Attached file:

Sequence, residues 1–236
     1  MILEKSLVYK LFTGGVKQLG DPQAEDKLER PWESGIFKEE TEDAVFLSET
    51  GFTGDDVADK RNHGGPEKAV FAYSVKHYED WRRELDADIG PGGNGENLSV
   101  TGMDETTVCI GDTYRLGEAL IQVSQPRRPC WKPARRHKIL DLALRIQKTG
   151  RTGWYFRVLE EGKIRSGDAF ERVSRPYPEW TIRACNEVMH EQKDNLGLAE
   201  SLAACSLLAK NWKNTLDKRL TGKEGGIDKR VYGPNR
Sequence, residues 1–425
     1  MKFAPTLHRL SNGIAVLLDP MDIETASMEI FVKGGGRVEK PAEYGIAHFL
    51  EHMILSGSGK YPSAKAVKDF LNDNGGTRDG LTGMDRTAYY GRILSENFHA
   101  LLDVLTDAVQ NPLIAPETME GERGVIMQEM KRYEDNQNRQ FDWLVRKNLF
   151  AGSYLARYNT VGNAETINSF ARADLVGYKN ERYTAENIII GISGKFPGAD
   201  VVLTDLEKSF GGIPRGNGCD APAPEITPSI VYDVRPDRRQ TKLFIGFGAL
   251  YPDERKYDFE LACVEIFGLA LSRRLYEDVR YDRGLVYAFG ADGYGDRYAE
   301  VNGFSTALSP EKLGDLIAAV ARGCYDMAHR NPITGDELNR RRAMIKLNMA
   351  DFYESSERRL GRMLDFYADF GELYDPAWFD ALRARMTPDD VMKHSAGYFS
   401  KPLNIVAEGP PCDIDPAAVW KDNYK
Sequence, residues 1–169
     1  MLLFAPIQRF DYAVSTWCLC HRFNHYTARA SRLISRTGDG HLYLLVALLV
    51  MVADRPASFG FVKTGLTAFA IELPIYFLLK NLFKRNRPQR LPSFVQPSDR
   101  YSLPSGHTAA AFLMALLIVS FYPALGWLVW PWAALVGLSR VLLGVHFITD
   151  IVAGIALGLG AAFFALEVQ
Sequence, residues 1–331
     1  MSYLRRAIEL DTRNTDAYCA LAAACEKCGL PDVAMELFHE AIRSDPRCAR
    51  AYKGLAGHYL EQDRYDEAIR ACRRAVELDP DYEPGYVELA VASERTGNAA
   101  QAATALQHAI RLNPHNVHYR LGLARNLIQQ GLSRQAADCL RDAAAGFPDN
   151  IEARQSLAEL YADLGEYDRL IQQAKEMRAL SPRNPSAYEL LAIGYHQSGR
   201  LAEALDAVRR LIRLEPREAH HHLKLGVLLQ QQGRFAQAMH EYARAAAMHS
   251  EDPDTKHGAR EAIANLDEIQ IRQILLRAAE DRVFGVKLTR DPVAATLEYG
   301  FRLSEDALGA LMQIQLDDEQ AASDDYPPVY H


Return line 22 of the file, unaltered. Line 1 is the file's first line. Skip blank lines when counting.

Sequence, residues 1–331